I’ve been able to harvest quite a lot of tomatoes over the past couple weeks—the cherry tomatoes ripened first, and they’re still coming in waves, while now we’re getting these little plum-sized guys as well. I honestly don’t remember the varietal: I think it was either Stupice or San Francisco Fog. I’ve also gotten a few bigger, darker tomatoes from our third plant, though most of those are still green. (Was it Cherokee Purple? Next time I’m writing the varieties down somewhere.)

So I’ve been making a lot of tomato salads. Garden tomatoes with cucumber, olives, and feta—or with basil and fresh mozzarella—yum! Still, the tomatoes are coming faster than we can eat them. Time to start foisting them on the neighbors!

7 Responses to “‘Matoes”

  • Madeline Says:

    I have a great recipe for an oven-roasted fall tomato soup, and another for a puttanesca that’s also made in the oven. Both freeze beautifully–let me know if you’d like either. I also make oven-dried tomatoes–that would work with the cherries.

  • Madeline Says:

    I love the name, too. 🙂 Here’s the Herbed Oven-Roasted Puttanesca: https://www.hannaford.com/recipe/Recipes/Fresh-Magazine/Marinades-Rubs-Sauces/Oven-Roasted-Herbed-Puttanesca-Sauce/pc/22280/c/28833/sc/28853/10431.uts#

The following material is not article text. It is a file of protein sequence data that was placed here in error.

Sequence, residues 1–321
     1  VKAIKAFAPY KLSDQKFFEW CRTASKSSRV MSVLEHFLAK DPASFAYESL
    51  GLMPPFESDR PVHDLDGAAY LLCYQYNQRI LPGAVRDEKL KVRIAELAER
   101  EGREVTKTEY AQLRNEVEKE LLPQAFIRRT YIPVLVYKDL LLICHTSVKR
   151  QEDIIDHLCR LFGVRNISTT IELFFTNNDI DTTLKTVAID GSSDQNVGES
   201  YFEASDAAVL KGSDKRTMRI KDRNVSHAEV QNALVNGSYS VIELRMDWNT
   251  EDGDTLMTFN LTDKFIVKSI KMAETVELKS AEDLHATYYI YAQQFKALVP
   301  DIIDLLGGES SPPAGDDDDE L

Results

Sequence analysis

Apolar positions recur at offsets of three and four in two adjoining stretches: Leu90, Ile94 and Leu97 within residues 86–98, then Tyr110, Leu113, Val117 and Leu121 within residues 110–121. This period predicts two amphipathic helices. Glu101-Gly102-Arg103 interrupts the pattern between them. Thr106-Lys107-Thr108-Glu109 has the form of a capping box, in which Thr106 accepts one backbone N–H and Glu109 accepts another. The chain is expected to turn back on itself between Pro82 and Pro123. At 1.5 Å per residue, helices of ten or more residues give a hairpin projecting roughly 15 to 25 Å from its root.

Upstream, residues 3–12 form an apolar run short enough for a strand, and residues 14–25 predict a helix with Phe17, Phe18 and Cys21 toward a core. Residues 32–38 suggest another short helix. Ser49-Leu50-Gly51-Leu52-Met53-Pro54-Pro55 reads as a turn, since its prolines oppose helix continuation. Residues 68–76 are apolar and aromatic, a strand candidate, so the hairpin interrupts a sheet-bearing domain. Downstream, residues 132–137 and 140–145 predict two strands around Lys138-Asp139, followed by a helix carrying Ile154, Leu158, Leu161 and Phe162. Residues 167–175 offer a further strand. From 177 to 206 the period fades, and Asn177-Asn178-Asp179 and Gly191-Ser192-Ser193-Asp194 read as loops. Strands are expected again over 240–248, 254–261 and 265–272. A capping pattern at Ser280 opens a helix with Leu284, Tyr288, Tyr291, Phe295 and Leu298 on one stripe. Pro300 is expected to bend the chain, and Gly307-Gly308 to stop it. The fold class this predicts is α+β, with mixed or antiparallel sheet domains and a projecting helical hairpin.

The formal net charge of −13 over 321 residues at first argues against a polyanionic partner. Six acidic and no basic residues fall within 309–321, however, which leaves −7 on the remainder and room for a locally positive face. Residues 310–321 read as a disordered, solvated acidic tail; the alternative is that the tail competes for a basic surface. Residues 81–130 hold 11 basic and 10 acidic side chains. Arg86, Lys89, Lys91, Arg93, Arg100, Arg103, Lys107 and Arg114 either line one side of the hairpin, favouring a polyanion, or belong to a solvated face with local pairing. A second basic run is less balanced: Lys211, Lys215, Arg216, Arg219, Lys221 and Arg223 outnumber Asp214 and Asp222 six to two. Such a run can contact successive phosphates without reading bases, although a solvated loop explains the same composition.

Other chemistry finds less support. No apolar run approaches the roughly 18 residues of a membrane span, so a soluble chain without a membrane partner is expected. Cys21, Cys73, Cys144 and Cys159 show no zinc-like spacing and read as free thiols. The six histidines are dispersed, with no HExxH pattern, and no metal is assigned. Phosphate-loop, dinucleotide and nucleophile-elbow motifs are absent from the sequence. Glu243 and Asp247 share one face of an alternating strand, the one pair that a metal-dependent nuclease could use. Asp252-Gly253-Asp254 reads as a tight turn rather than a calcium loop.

It’s from a free supermarket magazine, of all things. It’s fantastic. I omit the anchovies–and I think they’re crazy to say you could can this safely in a hot water bath cannner, incidentally. But it freezes beautifully. I haven’t found it needs the sugar, and of course I keep it chunky rather than pureeing it. I’ve tended to do the longer roasting time they list. I’ve made it a couple of times with all orange tomatoes (orange banana paste and Sungold cherry), which is gorgeous.

    The roasted fall tomato soup is from Deborah Madison’s _Vegetable Soups._ It’s a brilliant cookbook, if sometimes fussy. I love this recipe because you just slice onions, halve tomatoes, stick slivers of garlic in them, drizzle the whole thing with oil, salt, pepper, and honey, and roast it. Then you puree it, run it through a food mill to get the bits of skin and seeds out, add some curry powder–and voila, soup! You don’t add any water, and you don’t cook it on the stove. It tastes fantastic. (You’re supposed to serve it with a dollop of saffron quinoa, but I’ve never done that–I always end up simplifying her recipes.)

    On the topic of recipes, another cookbook you might enjoy if you don’t have it already is _Fresh Food Fast_ by Peter Berley. A bland title, but an amazing cookbook. It’s arranged by season, and within that, the recipes come in pairs–a main dish and a side that together make a meal. It’s the same kind of high-flavor, sophisticated, vegetable-centric, beautifully presented food that Deborah Madison makes, but with all the fussy steps taken out.

  • ...iph... Says:

    Oh, lovely! So glad your tomatoes are doing well–I hear more bad news than good from area tomato growers lately, it seems. These are gorgeous, and Stupice is up there with best tomato names.

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